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A water war in Southwest Utah has ranchers and Native tribes concerned, federal solar subsidies could help communities transition to renewable energy, and Starbucks workers attempt to unionize.

Santa Fe Converts Route 66 Hotel to Affordable Housing


Wednesday, June 1, 2022   

The conversion of a 60-year-old Santa Fe hotel should offer those seeking affordable housing, including the city's homeless community, a new lease on life.

The Lamplighter Inn, on what was originally Route 66, will be remodeled into a mix of 58 studio and one-bedroom apartments. A broad coalition, including the housing consulting group Project Moxie, is part of the initiative. Matt Lynn, Moxie's director of community engagement, said he expects the facility to open sometime in 2023.

"This is going to prevent people from falling into homelessness," he said. "These are modestly sized units that are renting at a very affordable price compared to the market rate in Santa Fe. This gives them the stability of having a safe place to sleep at night."

The Biden administration has made federal stimulus funds available for hotel conversion projects. Potential residents need to earn less than 80% of the Area Median Income, or about $41,000 a year, according to the U.S. Department of Housing and Urban Development. Rent for the Lamplighter housing units will initially range from $725 to $825 a month.

The hotel was purchased with the conversion in mind by a group that includes Anchorum St. Vincent. Jerry Jones, Anchorum's interim president and chief executive, said he believes the collaboration could be a great model for other communities.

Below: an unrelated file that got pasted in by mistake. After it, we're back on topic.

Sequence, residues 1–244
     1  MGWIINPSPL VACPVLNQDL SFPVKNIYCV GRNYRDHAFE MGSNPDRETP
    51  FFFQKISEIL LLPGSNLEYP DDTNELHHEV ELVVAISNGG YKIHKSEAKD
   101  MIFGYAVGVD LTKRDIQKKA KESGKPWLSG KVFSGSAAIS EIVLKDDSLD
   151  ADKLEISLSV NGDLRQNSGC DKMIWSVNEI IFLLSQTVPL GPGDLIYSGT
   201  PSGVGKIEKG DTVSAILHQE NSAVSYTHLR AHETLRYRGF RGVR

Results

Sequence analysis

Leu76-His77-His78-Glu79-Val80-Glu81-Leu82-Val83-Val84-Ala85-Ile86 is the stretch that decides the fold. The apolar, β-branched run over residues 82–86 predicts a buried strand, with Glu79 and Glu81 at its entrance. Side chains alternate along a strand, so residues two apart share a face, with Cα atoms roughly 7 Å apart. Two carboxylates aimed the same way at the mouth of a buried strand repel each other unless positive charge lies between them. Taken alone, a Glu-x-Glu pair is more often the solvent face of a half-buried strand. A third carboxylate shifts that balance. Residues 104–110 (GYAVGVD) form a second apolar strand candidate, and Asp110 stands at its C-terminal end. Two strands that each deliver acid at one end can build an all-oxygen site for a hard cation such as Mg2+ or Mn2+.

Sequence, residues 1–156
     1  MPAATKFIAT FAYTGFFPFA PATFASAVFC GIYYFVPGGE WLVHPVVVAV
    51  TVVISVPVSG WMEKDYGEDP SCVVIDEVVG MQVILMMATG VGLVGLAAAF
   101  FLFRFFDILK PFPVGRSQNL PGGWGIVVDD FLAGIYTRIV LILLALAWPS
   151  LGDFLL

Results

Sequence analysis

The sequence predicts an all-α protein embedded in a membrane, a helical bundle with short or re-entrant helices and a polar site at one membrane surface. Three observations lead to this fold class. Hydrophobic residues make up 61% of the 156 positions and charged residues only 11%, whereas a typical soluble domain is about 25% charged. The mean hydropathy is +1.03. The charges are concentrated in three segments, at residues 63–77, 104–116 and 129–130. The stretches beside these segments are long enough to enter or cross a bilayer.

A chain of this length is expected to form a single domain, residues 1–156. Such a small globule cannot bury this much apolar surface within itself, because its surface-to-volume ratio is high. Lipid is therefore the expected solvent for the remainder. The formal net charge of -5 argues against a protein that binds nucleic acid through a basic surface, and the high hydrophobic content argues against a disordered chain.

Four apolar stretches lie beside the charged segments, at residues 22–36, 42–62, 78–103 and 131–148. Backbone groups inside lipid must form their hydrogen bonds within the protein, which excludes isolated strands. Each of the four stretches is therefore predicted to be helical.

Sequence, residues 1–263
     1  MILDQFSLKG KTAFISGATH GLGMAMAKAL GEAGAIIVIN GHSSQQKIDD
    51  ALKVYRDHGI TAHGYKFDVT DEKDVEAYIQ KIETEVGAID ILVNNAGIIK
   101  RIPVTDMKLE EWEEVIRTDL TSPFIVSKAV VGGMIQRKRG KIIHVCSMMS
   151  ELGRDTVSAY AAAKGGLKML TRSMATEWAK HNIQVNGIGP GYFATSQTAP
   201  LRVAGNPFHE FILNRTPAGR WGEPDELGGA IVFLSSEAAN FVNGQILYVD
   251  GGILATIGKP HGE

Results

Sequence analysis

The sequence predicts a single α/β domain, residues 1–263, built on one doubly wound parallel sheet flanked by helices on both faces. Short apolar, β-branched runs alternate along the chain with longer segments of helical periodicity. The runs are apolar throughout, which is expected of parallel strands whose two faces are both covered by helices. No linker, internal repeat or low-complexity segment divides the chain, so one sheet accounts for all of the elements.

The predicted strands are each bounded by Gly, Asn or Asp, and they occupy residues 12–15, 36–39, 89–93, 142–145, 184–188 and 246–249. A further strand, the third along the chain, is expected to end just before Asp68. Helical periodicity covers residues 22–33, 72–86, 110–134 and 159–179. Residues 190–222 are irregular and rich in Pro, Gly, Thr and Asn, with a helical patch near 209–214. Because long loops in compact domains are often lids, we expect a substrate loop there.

"Because you have a service provider, you have the nonprofits, you have the for-profits, you have the governmental entities," he said, "it's a great template for us to hopefully address future inventory in a similar way."

Lynn said hotel conversions are a cost-effective and timely way to address housing shortages, especially with current inflation and supply-chain issues.

"We're not going to be opening up our doors tomorrow, but it's going to move faster than if we had scraped the property and started fresh," he said. "It's a way to quickly get units on the market."

The Lamplighter housing also is located next to Life Link, which offers services to break cycles of chronic homelessness, mental illness, trauma, exploitation and addiction. To that end, 25% of the units will be set aside for people who require supportive services to remain stably housed.

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